Monday, September 20, 2010
Peter's Last Will and Testament
Image: Calvin's Farewell
I preached the third message yesterday in our ongoing series through 2 Peter titled, Make your call and election sure (2 Peter 1:10-15). 2 Peter is sometimes referred to as the apostle's "last will and testament" based on his discussion of his impending death in vv. 12-15 (cf. John 21:18-19).
In the conclusion I reflected on some of the last words we have recorded in church history from dying men (Polycarp, Luther, Calvin, etc.). Several folk asked to have a copy of the quotes so here is part of the ending of the sermon manuscript:
As I thought about this passage, I was struck by the fact that we are hearing here the last testament of a dying apostle. The Puritan Richard Baxter said that a preacher ought to preach as a dying man to dying men. Peter is doing that here.
I also thought of how many of the great men in church history have had their final words recorded.
Some have given their last testament as martyrs. In the early church there was a pastor named Polycarp who was burned at the stake for his faith as an old man. When they told him that if he cursed Christ they would free him, he responded: “Eighty and six years have I served him, and he never once wronged me; how then shall I blaspheme my King, who hath saved me?” (taken from Foxe’s Book of Martyrs).
When Martin Luther died, it was recorded that he prayed, “Lord God, I thank you that you have willed me to be a poor man upon the earth and a beggar. I do not have home, field, possessions, or money that I relinquish. You have given me a wife and children. I give them back to you. Nourish, teach, and keep them—as you have me thus far—O Father of orphans and widows” (taken from Charles Bridges, The Christian Ministry).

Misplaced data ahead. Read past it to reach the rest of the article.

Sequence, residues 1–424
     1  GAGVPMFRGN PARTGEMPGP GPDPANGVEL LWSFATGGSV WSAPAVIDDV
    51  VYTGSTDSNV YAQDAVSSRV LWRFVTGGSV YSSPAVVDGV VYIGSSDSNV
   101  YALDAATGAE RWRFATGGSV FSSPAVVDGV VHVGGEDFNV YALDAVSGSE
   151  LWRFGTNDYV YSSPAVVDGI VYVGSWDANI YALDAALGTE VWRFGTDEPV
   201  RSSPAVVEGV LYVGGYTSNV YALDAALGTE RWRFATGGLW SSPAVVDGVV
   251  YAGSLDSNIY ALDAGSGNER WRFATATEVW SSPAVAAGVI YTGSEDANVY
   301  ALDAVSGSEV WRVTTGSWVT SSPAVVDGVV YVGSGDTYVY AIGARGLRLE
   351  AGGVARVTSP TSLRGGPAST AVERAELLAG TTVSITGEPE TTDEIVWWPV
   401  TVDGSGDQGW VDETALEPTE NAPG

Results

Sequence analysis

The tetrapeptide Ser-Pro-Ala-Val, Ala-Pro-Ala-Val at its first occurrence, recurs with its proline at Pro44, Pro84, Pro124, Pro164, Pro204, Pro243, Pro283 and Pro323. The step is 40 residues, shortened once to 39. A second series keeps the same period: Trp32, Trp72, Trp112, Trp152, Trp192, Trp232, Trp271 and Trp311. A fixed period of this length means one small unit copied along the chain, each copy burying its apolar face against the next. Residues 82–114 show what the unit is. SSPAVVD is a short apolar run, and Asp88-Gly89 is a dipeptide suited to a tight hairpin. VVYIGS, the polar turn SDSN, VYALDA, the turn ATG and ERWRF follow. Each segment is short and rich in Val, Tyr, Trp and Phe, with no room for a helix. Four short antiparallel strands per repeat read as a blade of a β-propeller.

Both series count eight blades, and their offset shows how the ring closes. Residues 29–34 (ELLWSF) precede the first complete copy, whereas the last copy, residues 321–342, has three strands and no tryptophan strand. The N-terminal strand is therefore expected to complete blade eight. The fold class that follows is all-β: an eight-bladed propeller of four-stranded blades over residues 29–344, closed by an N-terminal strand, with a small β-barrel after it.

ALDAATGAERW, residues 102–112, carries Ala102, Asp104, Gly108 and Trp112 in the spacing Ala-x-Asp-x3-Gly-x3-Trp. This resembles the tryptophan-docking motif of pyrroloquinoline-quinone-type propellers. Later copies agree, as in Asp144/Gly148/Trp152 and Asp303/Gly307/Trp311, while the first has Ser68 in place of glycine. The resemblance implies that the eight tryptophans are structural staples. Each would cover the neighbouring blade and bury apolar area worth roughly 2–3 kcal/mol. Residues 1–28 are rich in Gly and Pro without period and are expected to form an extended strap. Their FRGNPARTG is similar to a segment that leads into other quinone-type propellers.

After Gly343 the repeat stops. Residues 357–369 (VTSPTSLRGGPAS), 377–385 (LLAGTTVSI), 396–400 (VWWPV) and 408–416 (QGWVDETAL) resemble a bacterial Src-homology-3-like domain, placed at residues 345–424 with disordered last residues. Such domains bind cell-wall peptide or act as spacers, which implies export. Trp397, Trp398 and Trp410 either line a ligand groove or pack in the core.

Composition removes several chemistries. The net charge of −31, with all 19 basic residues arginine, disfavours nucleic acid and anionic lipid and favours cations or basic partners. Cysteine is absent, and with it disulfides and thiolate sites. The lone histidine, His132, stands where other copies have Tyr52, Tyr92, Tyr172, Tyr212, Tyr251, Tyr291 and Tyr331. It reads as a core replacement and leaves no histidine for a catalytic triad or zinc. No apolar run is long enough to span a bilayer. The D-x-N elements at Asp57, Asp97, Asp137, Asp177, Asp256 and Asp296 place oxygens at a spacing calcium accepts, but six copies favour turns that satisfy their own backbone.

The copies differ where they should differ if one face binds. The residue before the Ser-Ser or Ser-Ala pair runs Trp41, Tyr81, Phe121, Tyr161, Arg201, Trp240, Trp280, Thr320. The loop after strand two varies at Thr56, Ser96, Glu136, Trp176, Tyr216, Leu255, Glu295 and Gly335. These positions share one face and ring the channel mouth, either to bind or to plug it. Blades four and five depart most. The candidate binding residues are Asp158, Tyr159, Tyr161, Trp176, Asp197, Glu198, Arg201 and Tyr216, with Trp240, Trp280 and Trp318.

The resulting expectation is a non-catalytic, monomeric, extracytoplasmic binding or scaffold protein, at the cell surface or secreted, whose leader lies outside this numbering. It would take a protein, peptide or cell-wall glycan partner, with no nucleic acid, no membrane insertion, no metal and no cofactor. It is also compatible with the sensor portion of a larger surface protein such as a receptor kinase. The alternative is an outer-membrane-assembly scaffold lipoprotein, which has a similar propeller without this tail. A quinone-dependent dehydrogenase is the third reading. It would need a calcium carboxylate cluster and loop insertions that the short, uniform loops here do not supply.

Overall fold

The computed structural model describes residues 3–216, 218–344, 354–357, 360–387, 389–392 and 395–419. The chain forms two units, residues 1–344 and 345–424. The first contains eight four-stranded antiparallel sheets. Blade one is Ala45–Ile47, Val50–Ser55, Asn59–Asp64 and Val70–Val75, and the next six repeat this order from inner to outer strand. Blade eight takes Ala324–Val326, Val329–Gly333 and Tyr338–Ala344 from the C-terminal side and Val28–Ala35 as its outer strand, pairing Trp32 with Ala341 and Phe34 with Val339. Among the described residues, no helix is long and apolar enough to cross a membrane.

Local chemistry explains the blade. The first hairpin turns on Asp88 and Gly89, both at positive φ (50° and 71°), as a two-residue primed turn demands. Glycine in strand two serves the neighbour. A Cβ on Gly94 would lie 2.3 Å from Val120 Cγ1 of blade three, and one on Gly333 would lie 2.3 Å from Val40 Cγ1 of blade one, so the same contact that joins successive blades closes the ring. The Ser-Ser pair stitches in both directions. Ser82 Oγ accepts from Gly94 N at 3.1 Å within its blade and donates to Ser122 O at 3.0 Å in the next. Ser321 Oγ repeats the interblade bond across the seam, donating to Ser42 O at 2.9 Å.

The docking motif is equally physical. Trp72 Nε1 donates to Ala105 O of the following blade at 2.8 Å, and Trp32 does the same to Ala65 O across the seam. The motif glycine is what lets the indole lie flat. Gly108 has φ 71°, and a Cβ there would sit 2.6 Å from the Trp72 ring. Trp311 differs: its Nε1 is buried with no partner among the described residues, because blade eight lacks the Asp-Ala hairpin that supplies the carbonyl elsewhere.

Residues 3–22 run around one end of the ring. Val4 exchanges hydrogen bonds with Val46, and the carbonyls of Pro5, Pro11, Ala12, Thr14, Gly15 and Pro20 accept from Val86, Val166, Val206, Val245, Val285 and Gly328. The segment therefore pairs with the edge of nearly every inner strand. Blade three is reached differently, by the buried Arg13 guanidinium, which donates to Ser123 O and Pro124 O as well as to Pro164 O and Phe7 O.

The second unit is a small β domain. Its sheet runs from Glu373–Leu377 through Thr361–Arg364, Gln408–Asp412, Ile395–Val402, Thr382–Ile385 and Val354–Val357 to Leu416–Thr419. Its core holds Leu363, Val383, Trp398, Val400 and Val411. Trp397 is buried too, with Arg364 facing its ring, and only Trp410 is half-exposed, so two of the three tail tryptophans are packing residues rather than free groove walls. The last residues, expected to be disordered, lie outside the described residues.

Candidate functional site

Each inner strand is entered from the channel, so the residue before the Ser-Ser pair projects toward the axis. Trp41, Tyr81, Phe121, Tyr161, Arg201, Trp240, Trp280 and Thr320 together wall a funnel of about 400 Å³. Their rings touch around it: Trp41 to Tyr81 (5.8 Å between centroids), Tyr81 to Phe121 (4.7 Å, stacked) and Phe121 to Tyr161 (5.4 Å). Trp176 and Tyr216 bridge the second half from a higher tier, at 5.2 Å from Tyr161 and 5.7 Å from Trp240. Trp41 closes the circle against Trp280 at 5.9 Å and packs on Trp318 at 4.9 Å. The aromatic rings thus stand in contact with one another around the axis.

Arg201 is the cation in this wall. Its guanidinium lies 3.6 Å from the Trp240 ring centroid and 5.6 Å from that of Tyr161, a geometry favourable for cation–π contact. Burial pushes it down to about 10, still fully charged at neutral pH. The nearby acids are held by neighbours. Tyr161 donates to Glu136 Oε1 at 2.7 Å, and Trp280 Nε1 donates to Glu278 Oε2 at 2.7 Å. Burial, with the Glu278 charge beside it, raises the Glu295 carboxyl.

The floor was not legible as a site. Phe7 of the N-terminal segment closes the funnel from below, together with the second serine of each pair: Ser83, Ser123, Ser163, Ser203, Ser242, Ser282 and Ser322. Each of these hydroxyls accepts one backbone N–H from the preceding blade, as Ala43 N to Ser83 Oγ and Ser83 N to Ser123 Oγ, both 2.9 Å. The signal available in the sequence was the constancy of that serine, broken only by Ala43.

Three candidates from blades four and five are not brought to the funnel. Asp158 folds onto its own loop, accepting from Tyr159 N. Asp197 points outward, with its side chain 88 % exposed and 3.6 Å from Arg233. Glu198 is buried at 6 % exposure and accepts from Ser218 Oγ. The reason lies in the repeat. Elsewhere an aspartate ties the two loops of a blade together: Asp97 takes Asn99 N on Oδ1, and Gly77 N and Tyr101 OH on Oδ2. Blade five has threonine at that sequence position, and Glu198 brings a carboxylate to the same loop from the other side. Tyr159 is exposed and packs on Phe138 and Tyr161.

Just before John Calvin died, he called in the Ministers of Geneva and addressed them from his sickbed. He recounted that when he first came to Geneva “there was no reformation. All was in confusion.” He recounted his struggles, saying “I have lived in marvelous combats here.” He goes on to recount how he was saluted with mockery by those who shot of guns at his door to scare him, how he had been “hunted from this city” and fled to Strassburg, how he had been called a “scoundrel”and how dogs had been set upon him which bit his cloak and legs.
He continued by admitting, “I have had many faults which you have had to endure” and then said, “all that I have done is of no value. The wicked will seize upon that word, but I repeat that all I have done is of no value, and that I am a miserable creature. But, if I may say so, I have meant well, my faults have always displeased me, and the root of the fear of God has been in my heart. You can say that the wish has been good; and I beg you that the ill be pardoned, but if there has been good in it that you will conform to it and follow it.”
As to doctrine, Calvin added, “I have taught faithfully, and God has given me grace to write. I have done it with utmost fidelity, and have not to my knowledge corrupted or twisted a single passage of Scripture.” He ended, “I have written nothing through hatred against any one, but I have always set before me faithfully what I have thought to be for the glory of God” (from W. Walker, John Calvin, pp. 436-38].
It is said that just before John Newton died, he said, “I am sure of but two things. I am a great sinner, and Christ is a great Savior.”
Just before Adoniram Judson died, he said, “I am willing to live a few years longer, if it should be so ordered. If otherwise, I am willing and glad to die now. I leave myself entirely in the hands of God, to be disposed of according to his holy will” (from C. Anderson, To the Golden Shore, p. 499).
And among the last words of the Apostle Peter, “Make your call and election sure!” Before your exodus (exodos, v. 15) from this earth make sure of your entrance (eisodos, v. 11) into the kingdom of the Lord Jesus Christ.